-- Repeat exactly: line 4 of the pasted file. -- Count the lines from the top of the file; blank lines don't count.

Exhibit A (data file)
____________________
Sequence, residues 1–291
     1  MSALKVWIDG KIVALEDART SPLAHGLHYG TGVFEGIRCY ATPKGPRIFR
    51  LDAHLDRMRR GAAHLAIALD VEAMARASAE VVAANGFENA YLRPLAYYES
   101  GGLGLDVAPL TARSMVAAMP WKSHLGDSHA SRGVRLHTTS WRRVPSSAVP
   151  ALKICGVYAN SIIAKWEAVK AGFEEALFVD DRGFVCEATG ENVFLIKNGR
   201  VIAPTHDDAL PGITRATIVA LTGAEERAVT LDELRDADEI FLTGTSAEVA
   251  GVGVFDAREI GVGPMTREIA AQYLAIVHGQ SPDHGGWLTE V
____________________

   101  GGLGLDVAPL TARSMVAAMP WKSHLGDSHA SRGVRLHTTS WRRVPSSAVP